The drill is called nickel and dime. Sacred Heart girls basketball coach Carrie Owens makes sure the Ryan sisters aren’t on the same side for it.
It’s not because she’s worried that a team up between Micaela and Siobhan Ryan would overwhelm the others during the 5-on-5 drill. It’s quite the opposite. Owens wants the others on the team feeding off the intense refuse-to-lose attitude that emits once the siblings go at it on the basketball court.
The team that scores and gets a stop earns the right to stay on the court during the drill. The team that fails to do that must watch and wait for its turn to take the court once more in hopes of gaining measure of payback.
The sister that has to watch, according to Owens, usually isn’t happy.
What makes the Ryans positively giddy, though, is the fact both will be waging battle together like they have in so many games this season in hopes of turning the Sharks’ dream of earning a Federation championship into reality.
Sacred Heart (20-8), the New York State Catholic High School Athletic Association Class A champion, faces New York City PSAL champion James Madison (27-1) at 10:45 a.m. Friday in the semifinals of the New York State Federation Tournament of Champions at Cool Insuring Arena in Glens Falls.
The winner advances to Saturday’s 4 p.m. final to face either NYSPHSAA champion Jamesville-Dewitt (22-4) or defending Federation champion Staten Island Academy (16-7). All of the semifinalists, except Sacred Heart, reached this point of the season last year.
The Federation brings together the four postseason champions in the state (NYSCHSAA, PSAL, New York State Public High School Athletic Association and Alliance of Independence Schools) under one roof in a tournament to determine the overall New York State champion. The tournament includes boys and girls Classes AA, A and B champions.
The only other Buffalo-area team still playing this season is Park School boys basketball. The Pioneers face NYSPHSAA champion Amityville at 2:15 p.m. Saturday at Cool Insuring Arena. The winner advances to the Class A final at 4 p.m. Sunday against either independent champion Albany Academy or Brooklyn Law and Technology of the PSAL.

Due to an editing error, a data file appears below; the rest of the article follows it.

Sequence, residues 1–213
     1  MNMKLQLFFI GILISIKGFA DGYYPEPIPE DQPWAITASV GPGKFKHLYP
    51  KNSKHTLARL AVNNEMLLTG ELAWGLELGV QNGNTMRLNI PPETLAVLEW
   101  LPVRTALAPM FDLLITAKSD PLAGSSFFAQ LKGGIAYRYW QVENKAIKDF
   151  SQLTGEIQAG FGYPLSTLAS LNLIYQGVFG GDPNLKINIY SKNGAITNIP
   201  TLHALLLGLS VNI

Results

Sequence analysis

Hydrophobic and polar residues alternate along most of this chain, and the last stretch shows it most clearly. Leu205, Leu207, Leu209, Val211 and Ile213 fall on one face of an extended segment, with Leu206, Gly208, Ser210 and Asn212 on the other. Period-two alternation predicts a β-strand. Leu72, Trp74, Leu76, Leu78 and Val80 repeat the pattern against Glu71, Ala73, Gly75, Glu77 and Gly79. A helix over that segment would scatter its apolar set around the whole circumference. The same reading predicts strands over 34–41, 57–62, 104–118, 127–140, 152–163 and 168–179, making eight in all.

Sacred Heart plays the second game of the tournament. The Ryans can’t wait, especially after failing to earn a spot last year.
They had hoped to play together in the 2017 event, but Kellenberg ended up winning the state Catholic title.
They get to make up for lost time this year and in the process provide a special moment for Micaela Ryan.
Two years ago she was the plucky sophomore who stepped up her game to help Sacred Heart reach this point after watching older sister and current Brown University basketball player Kathleen Ryan suffer a season-ending knee injury midway through the campaign. Although she played games with Kathleen, she didn’t get to play in the most important ones that year with her.
That makes Micaela, the senior who will continue her career at Elon, appreciate this run with Siobhan, a sophomore, who runs the show at point guard.
“It’s definitely special,” said Micaela, who averages 19.6 points, 5.8 rebounds and 2 steals per game. “I wanted to play with my older sister when I was a sophomore and I couldn’t. To be able to share this with my younger sister just adds to the high school memory and the whole experience of playing with each other.”
Siobhan didn’t even go to Federation as a spectator two years ago when Sacred Heart got bounced in the semifinals by eventual champion Staten Island Academy. She had her own basketball tournament that same weekend with her middle-school team.
“For me, it’s a really big deal to go to the Federation for the first time,” said Siobhan, who ranks second on the Sharks at 14.4 ppg. and also averages 4.5 rebounds, 2.5 assists and 2.0 steals per game.
Sibling rivalry is more like competitive hunger between the two when matched up against each other in practice. Micaela admitted they are a little more aggressive than they are against teammates.
The fact they are competitive and know each other so well on the court is beneficial.
“The bond they have is something special,” Owens said. “Because both have a high basketball IQ and can envision or sense what the other can do they work well off one another. The intuition they have, Micaela knows where Siobhan’s going and Siobhan knows where Micaela’s going. They’re very familiar with each other.”
The competitive spirit they show in practice?
Well there’s nothing wrong with that, especially this time of year – which is why Owens conducted lots of competitive-type drills leading up to Friday’s clash.
Sacred Heart’s going to need to be feisty against a New York City champion that has been virtually flawless the past two seasons. James Madison lost just once last year. Madison has tall players who can shoot. The scouting report from Owens is that James Madison uses a 2-3 zone even though it looks athletic enough to run. Its 6-foot center, Ketsia Athias, is adept at swatting shots away.
Sacred Heart is trying to win a Federation title for the first time since capturing Class D in 1992.
This is the second of three seasons the Federation will take place in Glens Falls, the one-time longtime mecca of the state public schools tournament.
Glens Falls reacquired the Federation from Albany after losing the NYSPHSAA Tournament to Binghamton two years ago.
The Ryans and Sacred Heart hope to form their own unforgettable moments in the Adirondacks like so many other basketball teams in the state.
“It was a goal of ours to get to this point,” Owens said. “For the sisters it’s especially important. … We just don’t want to be down there and be happy we’re in the Federation. We plan to compete.”